March is Women's History Month, and I've been thinking about influential women in my history. They deserve some credit. This post will be about women in my family. I have another one brewing about other women, too.
First, of course, I have to mention my very powerful matrilineal ancestors. When I follow the women straight back several generations, I find Sarah Crossley, a handcart pioneer. She was my Mormon fairytale when I was a little girl -- crossed the plains in the Martin Company and became the fourth wife of the missionary who converted her family and then rescued her from the snows of Wyoming.
Her daughter, Mary Elvira is the woman I can thank for great ideas like keeping a hand-crank freezer full of ice cream under the bed for those pesky hot flashes -- and sayings like "Better belly bust than good food go to waste!"
Mary Elvira's daughter Alice was my great-grandmother and has left a wonderful life history that has greatly influenced my testimony about answers to prayer and the healing power of priesthood blessings. A spunky tomboy who grew up on a farm in Bountiful, she was always getting hurt or in trouble and being rescued by her mother's prayers and her father's blessings. Our time on earth crossed very briefly. I remember her teaching me to roll my r's and making delicious mustard pickles in her kitchen in the basement of my grandma's house in Draper.
That grandma, Alice's daughter, is still living and has taught me more than I can say -- the beauty of a well kept home and garden, the value of good home cooking, unwavering dedication to Church service, and perhaps most of all, absolute fearlessness about death and assurance of the power of the Atonement and of God's plan for our eternal lives. Grandma was a working mom in the age of June Cleaver and an early advocate of ideas like equal pay for equal work. She also sacrificed her career when it became necessary in favor of serving the Lord. She is uncompromising about good manners, good language and good choices. What a wonderful legacy.
Next in line is my mother. I know most every woman has a lot to say about her mother, good or bad. I'm very lucky that it's really all good for me. This is the woman who taught me that I am beautiful, smart and good, and that every child of God deserves equal respect and love -- black and white and brown. Hatred and mockery were as unacceptable in our home as the coarsest curses. And if I ever heard her swear, I would still think the word was coming to an end. She has striven to obey and learned when to question. She has had her heart broken and mended again. She can do everything, from caring for a cranky, ailing loved one to whipping up a wedding dress or creating a beautiful painting. She has spent a very big part of her life and talents on the six of us, her children. The world has missed out, but we have benefited. Now the world gets her, too, as she works with at-risk children in the schools, helping them learn to read or visiting their homes and speaking to their parents -- often in Spanish -- about how to support their children's school efforts.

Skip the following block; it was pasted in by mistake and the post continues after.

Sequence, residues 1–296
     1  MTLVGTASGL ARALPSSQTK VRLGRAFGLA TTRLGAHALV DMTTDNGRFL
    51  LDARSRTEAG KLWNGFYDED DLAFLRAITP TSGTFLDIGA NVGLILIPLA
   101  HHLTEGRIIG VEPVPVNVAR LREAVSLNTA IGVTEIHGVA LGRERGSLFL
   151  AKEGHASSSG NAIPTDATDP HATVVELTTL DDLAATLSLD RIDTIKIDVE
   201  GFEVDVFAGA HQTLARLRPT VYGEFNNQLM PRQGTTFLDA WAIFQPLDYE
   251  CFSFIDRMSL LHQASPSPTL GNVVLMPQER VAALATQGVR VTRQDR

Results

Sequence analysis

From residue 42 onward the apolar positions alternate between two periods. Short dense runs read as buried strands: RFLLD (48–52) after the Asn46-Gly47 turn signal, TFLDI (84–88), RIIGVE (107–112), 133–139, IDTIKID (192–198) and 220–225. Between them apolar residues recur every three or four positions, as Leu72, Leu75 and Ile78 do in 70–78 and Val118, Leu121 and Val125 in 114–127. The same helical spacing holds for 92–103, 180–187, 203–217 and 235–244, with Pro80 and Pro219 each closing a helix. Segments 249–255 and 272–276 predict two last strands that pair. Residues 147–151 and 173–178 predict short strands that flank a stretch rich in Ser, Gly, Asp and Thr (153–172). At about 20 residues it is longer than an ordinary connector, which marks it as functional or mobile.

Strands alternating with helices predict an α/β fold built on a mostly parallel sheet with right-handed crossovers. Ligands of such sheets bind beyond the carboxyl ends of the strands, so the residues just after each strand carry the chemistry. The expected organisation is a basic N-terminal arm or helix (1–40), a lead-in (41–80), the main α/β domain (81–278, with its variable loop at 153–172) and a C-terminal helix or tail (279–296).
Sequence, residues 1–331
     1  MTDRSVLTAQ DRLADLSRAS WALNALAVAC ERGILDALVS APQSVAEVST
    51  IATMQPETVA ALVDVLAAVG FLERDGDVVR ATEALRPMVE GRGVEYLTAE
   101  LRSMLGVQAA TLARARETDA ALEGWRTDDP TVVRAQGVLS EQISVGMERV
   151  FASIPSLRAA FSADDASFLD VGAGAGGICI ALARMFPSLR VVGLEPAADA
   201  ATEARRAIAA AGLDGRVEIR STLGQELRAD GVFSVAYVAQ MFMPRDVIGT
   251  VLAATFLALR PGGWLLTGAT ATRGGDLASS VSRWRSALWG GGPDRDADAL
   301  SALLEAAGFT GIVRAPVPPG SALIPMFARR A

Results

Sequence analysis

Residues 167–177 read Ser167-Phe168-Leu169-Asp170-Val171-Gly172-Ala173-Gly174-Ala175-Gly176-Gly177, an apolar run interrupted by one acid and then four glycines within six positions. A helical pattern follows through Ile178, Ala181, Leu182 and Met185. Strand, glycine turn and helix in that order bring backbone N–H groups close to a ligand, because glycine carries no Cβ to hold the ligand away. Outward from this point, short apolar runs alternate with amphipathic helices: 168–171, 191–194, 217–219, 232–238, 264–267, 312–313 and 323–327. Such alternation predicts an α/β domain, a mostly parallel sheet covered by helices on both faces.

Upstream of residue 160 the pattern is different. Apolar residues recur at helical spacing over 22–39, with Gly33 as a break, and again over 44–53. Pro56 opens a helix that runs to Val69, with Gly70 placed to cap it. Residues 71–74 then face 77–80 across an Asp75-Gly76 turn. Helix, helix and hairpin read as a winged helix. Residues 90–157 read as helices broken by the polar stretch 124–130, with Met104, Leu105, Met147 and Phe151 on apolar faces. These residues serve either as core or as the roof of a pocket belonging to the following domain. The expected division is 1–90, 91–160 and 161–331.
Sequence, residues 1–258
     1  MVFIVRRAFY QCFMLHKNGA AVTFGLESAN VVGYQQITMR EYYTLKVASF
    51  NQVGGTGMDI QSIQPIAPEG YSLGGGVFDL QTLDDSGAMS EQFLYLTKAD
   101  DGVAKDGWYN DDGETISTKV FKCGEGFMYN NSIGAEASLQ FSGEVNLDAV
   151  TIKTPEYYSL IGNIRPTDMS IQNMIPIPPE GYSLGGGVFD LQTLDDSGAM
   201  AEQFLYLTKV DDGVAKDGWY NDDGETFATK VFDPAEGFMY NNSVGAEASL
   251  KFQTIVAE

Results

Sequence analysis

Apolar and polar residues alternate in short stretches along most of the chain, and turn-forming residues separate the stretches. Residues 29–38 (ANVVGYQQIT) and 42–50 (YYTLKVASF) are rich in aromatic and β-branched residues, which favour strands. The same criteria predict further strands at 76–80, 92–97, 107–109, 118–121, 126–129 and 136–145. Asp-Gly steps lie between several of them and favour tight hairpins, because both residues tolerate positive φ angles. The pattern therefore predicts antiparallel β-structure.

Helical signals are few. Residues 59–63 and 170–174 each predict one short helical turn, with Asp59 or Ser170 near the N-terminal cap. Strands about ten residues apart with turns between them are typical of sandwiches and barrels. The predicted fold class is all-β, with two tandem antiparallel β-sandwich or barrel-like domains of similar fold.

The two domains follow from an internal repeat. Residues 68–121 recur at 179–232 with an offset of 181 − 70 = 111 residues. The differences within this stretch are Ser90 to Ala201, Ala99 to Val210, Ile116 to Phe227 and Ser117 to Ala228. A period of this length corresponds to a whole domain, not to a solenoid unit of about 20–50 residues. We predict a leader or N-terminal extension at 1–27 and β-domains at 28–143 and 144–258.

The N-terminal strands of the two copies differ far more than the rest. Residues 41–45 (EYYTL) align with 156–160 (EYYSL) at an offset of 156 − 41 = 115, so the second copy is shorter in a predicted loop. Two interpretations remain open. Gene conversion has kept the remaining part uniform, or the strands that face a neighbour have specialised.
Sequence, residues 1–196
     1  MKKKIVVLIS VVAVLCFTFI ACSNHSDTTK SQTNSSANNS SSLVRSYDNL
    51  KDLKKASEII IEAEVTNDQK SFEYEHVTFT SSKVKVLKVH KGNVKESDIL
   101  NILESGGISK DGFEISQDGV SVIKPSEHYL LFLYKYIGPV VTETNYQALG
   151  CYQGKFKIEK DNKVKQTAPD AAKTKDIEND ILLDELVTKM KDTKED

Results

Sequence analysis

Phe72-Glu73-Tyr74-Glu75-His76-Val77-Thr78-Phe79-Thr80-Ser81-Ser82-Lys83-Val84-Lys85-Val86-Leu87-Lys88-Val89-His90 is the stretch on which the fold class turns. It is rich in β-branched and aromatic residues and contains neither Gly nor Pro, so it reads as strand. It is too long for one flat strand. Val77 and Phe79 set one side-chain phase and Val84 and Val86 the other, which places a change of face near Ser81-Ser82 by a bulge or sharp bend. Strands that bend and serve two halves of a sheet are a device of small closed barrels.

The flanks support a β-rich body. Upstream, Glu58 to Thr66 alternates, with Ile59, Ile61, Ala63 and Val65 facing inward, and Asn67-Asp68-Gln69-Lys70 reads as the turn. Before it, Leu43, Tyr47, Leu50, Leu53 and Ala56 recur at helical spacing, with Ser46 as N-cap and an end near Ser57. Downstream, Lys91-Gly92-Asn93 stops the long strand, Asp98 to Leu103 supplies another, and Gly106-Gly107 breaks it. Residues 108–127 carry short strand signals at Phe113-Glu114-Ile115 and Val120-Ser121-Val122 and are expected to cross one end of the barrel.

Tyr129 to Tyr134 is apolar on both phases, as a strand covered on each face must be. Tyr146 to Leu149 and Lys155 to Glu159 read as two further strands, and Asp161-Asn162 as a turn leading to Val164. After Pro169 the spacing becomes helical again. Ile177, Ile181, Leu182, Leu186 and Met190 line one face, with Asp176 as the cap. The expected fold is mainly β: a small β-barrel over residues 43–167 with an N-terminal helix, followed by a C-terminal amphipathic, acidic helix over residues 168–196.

I cannot leave out my dad's mother, the energetic, enterprising, maybe slightly mischievous grandma who -- after a career as a school librarian while her kids were growing up -- decided she'd like to go into real estate. She was the first person I ever knew who had a cell phone. She opened her own brokerage in her 60s and has prospered well in that field. She's a sharpshooter -- literally -- with a penchant for pretty pocketknives, pearl-handled pistols, parties and practical jokes. (That alliteration worked out so well!) Like many mothers, I think, she has navigated the challenges of giving unconditional love versus tough love as her children have gone through hard times. More often, she has chosen the unconditional side, and I think she has been right. Her grandchildren have been unspeakably blessed to have her support -- not the same for all of us, but what we each needed, showing her wisdom and compassion.
I have two amazing sisters. Mary, whose talent for sleeping we always joke about, is actually a girl who can do pretty much whatever she wants. She is beautiful, patient, smart and strong. She knows how to make her own fun. She had the good insight to marry a chef. She is spiritually wise. Marta is a girl everybody thought was my daughter -- she was born when I was 15. (She just turned 18, which means I am now old.) I am floored by her ability to achieve and be involved in worthwhile causes like Operation Smile and a student shadow government in her town. I admire the way that, at such a young age, she is able to decide what is most important to her. Lovely and stylish, she is ultimately fun to follow as she grows into an amazing woman.
The last little woman in my family life is Z. Who is chubby and happy and funny and sweet, and who is teaching me everything about everything. Having a little girl has changed everything and nothing. I always wanted to make the world good and safe for her, even before I knew her. I always knew she would overcome whatever obstacles life placed in her path.